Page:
The workplace should think we’re pretty great the way we are too. Companies with the most women on their board of directors financially outperform those with the fewest women on their boards. A study by Dow Jones (pdf) focused on venture-backed startups found that odds for success increase with more female executives at the vice president and director levels; the median proportion of female executives at successful companies was more than double that at unsuccessful ones. Another study showed that for firms with innovation-oriented strategies, the presence of a woman in top management amounts to creating extra market value of about $44 million (pdf). Women may not get much credit for their work, but it cannot be denied that they add a great deal of value.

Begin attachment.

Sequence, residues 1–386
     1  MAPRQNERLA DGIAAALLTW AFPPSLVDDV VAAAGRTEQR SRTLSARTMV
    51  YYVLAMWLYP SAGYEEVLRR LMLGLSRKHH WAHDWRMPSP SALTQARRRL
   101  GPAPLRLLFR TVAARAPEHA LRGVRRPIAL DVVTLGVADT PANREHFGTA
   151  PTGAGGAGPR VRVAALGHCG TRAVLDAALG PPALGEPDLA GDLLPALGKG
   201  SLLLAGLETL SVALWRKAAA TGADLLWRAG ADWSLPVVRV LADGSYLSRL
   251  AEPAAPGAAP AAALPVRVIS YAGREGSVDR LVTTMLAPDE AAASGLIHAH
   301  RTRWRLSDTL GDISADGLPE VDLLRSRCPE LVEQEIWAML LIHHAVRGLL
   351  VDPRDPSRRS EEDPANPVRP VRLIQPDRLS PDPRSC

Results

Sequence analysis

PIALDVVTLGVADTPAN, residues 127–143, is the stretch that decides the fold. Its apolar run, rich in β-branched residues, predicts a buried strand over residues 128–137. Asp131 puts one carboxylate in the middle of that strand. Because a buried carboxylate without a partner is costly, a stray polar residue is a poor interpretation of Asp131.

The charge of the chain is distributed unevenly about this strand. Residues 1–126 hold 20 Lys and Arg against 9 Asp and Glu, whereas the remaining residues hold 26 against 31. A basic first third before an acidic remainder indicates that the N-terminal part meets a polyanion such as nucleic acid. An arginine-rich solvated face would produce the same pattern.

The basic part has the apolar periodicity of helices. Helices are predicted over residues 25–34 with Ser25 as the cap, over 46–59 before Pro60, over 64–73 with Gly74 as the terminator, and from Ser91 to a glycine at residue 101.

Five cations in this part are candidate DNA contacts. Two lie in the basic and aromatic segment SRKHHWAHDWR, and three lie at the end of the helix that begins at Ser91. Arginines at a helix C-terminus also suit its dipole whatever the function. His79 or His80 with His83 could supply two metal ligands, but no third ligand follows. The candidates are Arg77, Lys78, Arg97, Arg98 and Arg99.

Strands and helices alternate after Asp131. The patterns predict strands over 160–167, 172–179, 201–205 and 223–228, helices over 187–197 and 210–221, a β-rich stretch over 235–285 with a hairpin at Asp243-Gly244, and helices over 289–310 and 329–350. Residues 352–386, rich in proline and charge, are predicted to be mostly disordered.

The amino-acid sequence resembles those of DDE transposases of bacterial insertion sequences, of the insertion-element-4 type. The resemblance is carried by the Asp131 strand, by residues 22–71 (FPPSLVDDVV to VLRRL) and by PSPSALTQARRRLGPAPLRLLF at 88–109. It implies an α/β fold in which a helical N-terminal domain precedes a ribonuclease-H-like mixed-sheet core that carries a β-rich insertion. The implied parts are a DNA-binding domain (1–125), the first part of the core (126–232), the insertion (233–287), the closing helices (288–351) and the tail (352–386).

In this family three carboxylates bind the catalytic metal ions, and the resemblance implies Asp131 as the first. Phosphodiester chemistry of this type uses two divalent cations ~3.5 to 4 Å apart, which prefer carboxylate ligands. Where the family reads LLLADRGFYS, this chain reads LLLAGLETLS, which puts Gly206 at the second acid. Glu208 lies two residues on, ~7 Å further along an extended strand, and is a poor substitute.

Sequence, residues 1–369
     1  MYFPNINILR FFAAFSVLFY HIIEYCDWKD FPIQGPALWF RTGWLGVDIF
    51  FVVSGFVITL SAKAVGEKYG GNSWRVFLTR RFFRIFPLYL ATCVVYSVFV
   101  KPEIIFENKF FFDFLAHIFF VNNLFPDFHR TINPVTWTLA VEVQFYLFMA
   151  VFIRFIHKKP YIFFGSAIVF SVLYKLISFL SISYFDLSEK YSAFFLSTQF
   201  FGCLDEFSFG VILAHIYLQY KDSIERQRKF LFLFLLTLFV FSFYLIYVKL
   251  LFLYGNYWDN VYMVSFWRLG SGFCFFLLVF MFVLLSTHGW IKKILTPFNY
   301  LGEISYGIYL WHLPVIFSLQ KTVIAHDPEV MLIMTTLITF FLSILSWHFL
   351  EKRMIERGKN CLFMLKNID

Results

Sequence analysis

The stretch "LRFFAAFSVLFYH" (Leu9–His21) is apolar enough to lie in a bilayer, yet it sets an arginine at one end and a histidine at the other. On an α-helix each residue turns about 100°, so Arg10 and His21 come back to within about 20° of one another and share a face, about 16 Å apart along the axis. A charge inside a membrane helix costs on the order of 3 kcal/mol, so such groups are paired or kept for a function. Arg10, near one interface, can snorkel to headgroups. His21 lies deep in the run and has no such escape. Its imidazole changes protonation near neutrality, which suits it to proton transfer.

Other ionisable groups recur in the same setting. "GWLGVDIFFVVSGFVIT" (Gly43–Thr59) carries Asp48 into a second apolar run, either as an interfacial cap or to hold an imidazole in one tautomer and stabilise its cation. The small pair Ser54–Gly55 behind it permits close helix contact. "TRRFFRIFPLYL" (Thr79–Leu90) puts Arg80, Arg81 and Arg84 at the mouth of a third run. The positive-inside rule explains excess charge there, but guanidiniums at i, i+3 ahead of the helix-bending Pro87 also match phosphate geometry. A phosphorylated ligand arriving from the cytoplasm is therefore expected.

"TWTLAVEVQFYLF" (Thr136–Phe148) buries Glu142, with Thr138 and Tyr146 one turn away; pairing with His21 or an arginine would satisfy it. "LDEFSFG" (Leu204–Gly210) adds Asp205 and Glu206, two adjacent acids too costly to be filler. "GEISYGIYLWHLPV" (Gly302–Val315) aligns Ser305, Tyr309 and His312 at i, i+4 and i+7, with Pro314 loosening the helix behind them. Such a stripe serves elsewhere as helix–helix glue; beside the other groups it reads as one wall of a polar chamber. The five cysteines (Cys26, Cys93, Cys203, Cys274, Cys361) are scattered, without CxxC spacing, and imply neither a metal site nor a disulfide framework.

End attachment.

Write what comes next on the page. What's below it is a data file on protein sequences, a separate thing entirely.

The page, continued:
Of course, correlation does not prove causation. It may be that successful companies have more women leaders because women are better than men at picking the best organizations to work for, or maybe those companies are located in geographical areas where there are a higher percentage of educated women. If we are to use Occam’s razor, however, we will favor the hypothesis with the fewest assumptions: Women may not get credit for their work, but they add a great deal of value. Right now, that value is not being properly attributed to individual women in the workplace, which hampers their progress, ironically causing there to be fewer women in leadership positions.

It may be that all of the women in management and on boards of directors are leaning in so hard that they’re about to fall over, but that seems unlikely. If women were behaving just like men in the workplace, it’s hard to see how they could add so much incremental value. We’re good at many things, but men will beat us every time at being men, no matter how far we lean in. It seems much more likely that women are bringing behaviors and qualities to organizations that men generally lack, but because those behaviors and qualities do not fit traditional leadership stereotypes, they tend to be unrecognized and unvalued.